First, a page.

U.S., U.K. citizens warned of travel in Madagascar after killings

Oct. 4, 2013 at 2:51 PM   |   0 comments

ANTANANARIVO, Madagascar, Oct. 4 (UPI) -- The U.S. embassy in Madagascar is warning against travel to certain places in the country after two suspected organ traffickers were tortured and killed.

U.S. citizens should also "shelter in place" if they see any large gatherings or violence, the embassy said in an advisory issued Thursday.

American citizens were urged to "strongly consider deferring" any trips to the island of Nosy Be, where the men were killed and their bodies burned on the beach.

A stronger warning was issued by Britain's Foreign Office, which advised its citizens to avoid "all but essential" travel to Nosy Be.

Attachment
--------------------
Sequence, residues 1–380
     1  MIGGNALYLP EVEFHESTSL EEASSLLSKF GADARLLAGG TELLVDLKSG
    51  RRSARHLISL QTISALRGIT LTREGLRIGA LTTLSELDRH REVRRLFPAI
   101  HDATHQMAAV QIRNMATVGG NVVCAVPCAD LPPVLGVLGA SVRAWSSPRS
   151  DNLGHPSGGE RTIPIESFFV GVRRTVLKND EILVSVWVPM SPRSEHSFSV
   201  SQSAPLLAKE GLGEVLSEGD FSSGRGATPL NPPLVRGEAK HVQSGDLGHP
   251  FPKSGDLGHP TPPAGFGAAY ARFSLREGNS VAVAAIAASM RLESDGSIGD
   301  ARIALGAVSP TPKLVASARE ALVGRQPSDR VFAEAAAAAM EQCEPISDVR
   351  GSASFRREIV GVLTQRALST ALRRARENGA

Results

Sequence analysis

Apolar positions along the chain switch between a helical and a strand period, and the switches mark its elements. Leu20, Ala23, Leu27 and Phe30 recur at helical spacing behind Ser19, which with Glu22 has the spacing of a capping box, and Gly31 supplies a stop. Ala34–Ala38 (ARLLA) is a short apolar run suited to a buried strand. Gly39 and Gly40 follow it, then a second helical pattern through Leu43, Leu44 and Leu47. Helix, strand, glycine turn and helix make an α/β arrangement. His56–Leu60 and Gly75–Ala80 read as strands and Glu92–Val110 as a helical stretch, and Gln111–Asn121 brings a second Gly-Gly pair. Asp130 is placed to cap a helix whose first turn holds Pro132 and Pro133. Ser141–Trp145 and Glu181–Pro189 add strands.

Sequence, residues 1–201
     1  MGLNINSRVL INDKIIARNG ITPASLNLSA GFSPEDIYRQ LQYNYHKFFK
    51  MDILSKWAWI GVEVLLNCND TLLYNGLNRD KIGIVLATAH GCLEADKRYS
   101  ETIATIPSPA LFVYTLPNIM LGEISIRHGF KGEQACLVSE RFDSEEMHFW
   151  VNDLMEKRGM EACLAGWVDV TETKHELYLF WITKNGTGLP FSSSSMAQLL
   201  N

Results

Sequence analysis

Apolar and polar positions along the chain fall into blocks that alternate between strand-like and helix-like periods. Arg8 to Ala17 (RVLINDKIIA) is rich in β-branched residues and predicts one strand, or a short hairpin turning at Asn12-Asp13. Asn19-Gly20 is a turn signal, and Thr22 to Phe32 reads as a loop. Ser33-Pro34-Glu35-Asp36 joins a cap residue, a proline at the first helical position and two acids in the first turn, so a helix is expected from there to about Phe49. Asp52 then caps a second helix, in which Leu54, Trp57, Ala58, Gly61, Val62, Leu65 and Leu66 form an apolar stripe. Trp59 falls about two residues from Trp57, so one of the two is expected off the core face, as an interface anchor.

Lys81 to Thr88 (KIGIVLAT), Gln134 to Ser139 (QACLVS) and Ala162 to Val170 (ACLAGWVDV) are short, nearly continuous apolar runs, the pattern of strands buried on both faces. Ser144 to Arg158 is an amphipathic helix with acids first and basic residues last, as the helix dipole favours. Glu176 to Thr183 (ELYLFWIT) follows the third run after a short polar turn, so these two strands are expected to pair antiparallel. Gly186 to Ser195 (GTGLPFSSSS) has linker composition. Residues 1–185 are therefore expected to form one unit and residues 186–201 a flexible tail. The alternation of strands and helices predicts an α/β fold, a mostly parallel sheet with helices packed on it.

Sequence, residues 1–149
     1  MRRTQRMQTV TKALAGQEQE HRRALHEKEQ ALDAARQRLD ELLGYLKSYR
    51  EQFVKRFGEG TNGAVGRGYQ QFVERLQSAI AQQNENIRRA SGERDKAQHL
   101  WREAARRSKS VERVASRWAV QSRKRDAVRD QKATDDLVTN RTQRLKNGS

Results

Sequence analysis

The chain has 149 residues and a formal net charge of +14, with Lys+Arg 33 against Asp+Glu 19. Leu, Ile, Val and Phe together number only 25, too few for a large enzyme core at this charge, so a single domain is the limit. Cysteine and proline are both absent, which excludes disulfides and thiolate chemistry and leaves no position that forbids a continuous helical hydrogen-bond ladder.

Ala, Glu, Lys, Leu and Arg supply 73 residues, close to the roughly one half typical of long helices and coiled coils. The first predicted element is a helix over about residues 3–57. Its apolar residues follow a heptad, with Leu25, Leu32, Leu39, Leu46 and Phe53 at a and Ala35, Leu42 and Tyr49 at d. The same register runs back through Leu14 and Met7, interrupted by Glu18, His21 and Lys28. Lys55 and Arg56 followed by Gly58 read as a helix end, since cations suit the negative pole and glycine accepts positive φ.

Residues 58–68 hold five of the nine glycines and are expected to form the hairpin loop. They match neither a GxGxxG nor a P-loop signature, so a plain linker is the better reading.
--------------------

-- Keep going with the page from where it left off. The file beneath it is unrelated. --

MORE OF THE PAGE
British nationals now on the island "should stay indoors and follow local security advice," the warning said.

The Foreign Office noted the situation in the capital, Antananarivo, "remains volatile and demonstrations at short notice are likely."

Some 7,700 British citizens visited the East African island nation in 2012, and most visits were without incident, the statement said.

One of the victims of the attack, Roberto Gianfalla, "lived like a tramp" in Sicily before moving to France years ago, acquaintances in Palermo told the Italian news agency ANSA.

"He was a good guy but he sometimes lost control," said jeweler Tullio Marcera.

Before Gianfalla and a French tourist, Sebastien Judalet, were killed they reportedly confessed to killing an 8-year-old boy and taking some of his organs.

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